Thursday the 17th, a week before Thanksgiving. I was drinking in the campus bar, waiting for a guy who was possibly going to stop by and listen to me talk about Paradise Lost. He had a paper due shortly, was a faithful Catholic with a genuine interest in this great work (for some reason this was endearing to me), and I felt like drinking, so I left him a message to meet me and ordered a beer.
After about a half hour a decent looking girl sat down beside me and I struck up a conversation. She was eating a salad with her beer, from a plastic to-go box, and immediately struck me as snobbish in her lofty estimation of sociology–her major, of course. I found her convictions amusing, and her haughtiness and apparent contradictions funny (or in my loneliness and insecurity I told myself this), so I prolonged our talk with questions.
She told me about a paper she was racing to get written (they’re always racing) that seemed to interest her mildly. In it she was discussing the strange phenomena surrounding a certain “American Idol” (his first name was Clay, I believe, but that’s all I remember). I guess the fans of this particular idol had been and still were particularly rabid, despite the fact that he only placed runner-up in the competition. I asked her if there was anything peculiar about this idol that would provoke such zeal, and she replied that yes, he was a devout evangelical. As our conversation progressed, she also let out that he was, to all appearances (I believe the way she put it was “obviously”), gay, and had been numerously asked if this was the case–a question which he obviously answered negatively.
I asked her if she had considered whether this might be a complex case of sublimation. It seemed to me that the most passionate of these young fans must’ve been spurred on by a libidinal drive. – That they too must’ve felt bound to some desire which was irreconcilable with their morality, and they saw Clay as somehow affirmative of their plight. What puzzled me was, what precisely were they affirming in this plastic idol? Were they affirming what they believed he truly was (and thus their secret identities) in a disguised fashion, by supporting his golden voice? Or were they affirming his extraordinary capacity for repression and suppression of desire–his ability to still feel an intense devotion to Christ and the church, and even become an American Idol, despite his being compelled by depraved desires?
I asked her if any of this interested her–if she might use it. Given her personality, or mood, she was of course outwardly dismissive, although she was writing something down in her notebook. She said it was probably too big of an issue to handle, for a short paper, and given her time constraints, and the almost certain lack of quantitative evidence–. The idea of her scouring the internet “in support of her claim” made me inwardly laugh. The quantification of truth seemed to me, at that moment more than ever before, absurd and at last amusing. As I saw it, even if the drive for these little evangelicals wasn’t popularly in line with my “hypotheses,” certainly it was for some, or even one of them. Of course, each case would reveal its own idiosyncrasies, and for that matter, its unapproachable mysteries, but the Case nevertheless provides a study of some convoluted and, in my opinion, fascinating pathology.
I can only surmise that this girl never used too many of my insights, though I can’t say for sure; she left soon after I voiced them to her. As for my acquaintance, he did show up finally, and with the help of our discussion (and another discussion we had after I was released), and reference to a paper I’d written previously, he was able to turn in a paper on the conception and constitution of the “unholy trinity” of Satan, Sin, and Death in Paradise Lost. After he left I ended up drinking myself to oblivion, to the point of blacking out and well beyond it, and finally reached a state of shameful belligerence. Allegedly I swung wildly at the bouncer when he tried to remove me from the bar, and had to be dragged from there to a police car which was waiting to take me to jail.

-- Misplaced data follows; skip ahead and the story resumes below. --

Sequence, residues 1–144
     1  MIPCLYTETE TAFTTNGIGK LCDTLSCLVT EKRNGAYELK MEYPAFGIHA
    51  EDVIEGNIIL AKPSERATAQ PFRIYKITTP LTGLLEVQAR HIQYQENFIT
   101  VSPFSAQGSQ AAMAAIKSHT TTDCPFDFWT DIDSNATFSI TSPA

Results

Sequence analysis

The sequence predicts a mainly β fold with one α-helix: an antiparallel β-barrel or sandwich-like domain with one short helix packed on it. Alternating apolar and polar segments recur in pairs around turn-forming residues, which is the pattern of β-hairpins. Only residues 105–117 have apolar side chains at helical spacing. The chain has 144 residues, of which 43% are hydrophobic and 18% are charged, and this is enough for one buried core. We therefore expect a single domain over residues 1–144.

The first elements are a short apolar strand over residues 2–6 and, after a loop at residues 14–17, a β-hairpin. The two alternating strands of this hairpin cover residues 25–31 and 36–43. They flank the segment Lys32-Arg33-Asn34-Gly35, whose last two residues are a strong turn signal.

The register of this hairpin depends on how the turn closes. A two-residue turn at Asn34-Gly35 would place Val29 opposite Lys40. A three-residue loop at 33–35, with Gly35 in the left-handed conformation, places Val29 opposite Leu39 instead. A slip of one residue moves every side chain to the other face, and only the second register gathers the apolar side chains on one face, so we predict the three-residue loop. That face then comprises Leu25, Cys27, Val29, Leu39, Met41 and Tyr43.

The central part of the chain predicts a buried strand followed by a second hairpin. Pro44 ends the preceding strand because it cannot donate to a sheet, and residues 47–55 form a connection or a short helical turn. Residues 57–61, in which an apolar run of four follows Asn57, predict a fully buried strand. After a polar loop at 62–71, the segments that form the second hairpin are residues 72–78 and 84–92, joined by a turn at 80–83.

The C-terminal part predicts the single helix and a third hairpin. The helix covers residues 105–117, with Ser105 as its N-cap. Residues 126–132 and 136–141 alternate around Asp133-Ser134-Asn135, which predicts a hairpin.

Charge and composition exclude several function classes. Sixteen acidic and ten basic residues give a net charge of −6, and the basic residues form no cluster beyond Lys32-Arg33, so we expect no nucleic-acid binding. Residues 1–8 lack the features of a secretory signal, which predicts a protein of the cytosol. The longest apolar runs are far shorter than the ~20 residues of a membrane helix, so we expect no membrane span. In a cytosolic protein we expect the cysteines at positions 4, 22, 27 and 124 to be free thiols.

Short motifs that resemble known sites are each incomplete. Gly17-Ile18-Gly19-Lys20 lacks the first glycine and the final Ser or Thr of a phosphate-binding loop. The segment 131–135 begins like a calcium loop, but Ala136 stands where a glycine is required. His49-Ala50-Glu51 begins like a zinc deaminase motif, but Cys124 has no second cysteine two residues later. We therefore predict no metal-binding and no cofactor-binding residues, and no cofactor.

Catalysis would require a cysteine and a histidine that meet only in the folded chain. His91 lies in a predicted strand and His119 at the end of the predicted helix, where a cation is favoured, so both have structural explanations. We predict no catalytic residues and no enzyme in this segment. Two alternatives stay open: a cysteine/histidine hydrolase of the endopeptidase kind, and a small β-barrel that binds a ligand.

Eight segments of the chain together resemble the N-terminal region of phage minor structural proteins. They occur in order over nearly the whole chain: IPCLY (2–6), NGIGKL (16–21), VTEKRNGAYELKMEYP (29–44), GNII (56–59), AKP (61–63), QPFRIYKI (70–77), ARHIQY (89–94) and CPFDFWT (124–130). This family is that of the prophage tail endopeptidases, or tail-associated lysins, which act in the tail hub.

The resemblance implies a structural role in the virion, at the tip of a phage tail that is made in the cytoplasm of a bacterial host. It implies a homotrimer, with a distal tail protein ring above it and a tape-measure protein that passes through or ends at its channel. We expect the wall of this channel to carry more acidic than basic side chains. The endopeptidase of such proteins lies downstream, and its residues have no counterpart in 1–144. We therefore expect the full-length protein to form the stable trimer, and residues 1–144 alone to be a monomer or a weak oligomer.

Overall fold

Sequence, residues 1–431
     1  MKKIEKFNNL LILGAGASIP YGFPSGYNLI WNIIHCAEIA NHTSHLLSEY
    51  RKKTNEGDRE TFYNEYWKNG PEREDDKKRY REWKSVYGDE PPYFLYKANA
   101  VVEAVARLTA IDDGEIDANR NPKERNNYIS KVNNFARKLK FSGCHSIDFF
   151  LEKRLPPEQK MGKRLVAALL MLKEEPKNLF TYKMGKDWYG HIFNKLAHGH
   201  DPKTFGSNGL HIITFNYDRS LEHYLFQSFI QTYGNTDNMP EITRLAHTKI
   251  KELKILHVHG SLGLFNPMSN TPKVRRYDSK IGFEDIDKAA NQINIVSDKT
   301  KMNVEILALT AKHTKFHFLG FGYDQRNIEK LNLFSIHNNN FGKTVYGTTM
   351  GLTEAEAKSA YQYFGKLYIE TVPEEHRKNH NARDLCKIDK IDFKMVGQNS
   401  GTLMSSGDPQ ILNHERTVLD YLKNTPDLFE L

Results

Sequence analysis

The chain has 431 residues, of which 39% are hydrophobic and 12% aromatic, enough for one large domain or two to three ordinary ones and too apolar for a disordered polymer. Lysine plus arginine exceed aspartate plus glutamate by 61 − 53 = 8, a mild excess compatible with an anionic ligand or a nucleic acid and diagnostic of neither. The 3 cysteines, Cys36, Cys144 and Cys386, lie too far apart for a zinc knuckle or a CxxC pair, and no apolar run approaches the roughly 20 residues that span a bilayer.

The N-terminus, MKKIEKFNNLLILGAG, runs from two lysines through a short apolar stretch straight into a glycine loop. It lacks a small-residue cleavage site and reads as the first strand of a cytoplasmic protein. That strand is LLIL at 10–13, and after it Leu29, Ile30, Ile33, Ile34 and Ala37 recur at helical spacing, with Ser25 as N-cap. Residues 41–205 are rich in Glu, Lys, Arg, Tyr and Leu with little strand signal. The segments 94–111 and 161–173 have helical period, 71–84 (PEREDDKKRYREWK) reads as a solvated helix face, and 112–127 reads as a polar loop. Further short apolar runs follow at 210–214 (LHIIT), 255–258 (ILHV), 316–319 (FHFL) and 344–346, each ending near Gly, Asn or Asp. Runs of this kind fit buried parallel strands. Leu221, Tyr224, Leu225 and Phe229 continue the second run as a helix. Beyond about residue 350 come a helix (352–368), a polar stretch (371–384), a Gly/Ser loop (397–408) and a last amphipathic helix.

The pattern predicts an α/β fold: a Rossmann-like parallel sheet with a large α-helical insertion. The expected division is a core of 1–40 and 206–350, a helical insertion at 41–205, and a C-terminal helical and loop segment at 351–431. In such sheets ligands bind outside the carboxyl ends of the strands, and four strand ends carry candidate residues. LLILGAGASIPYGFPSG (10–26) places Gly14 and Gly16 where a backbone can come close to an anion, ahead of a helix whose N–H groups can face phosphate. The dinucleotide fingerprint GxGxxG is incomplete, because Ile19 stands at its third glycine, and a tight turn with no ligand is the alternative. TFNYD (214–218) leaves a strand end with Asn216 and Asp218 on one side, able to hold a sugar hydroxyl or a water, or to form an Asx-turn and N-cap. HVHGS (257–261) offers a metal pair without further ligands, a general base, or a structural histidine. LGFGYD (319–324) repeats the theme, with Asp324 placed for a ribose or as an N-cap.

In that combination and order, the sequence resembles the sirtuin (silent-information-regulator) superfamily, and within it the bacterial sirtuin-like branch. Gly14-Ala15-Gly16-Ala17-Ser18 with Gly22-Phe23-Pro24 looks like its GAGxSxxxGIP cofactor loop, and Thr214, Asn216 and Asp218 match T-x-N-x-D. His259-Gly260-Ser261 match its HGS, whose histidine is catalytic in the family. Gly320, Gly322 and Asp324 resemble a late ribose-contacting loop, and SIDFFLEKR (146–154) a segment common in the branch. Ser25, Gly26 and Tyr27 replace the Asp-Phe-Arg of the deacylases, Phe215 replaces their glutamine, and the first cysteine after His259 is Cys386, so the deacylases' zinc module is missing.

Drunk as I was when I arrived in the tank, I immediately grabbed the toilet paper roll and hoarded it, knowing from experience that it would prove invaluable as a pillow once I was exhausted enough to sleep in the cold amongst the gloomy and pointless denunciations of my fellow deviants. Some indeterminable time later, lying with the side of my head upon my prized possession, I stared at the wall before me which had been smeared extravagantly, in spiraling patterns, with what looked like blood and mustard packets. “I could be worse,” I thought. “At least I’m not such a drunk as this pathetic little Pollock here.” And I pulled my arms back into my short sleeves, thrilling at the touch of my cold arms.
I’ve never been in jail long. This time it’d been – what, sixteen hours. Still, this time especially it seemed as though my release was like waking from a subterranean dream: There’s a pathway lined with rectangular lawns in front of Santa Rita Jail, and beyond that a roundabout for cars. Beyond the roundabout and across a road is a high embankment of fresh, cloddy soil, and fist-sized stones. And looking out from the top of that embankment you see a vast stretch of fallow land. The leafless maple branches were dark against the pale sky, and I pressed my palms down on the soft clods and noted the horizon: teal and cloud-drift and a day. A Day. And stepping on the bus I smiled at the bus-driver an ebullient smile: I could ask him to stop now and he would. He’d let me off right here.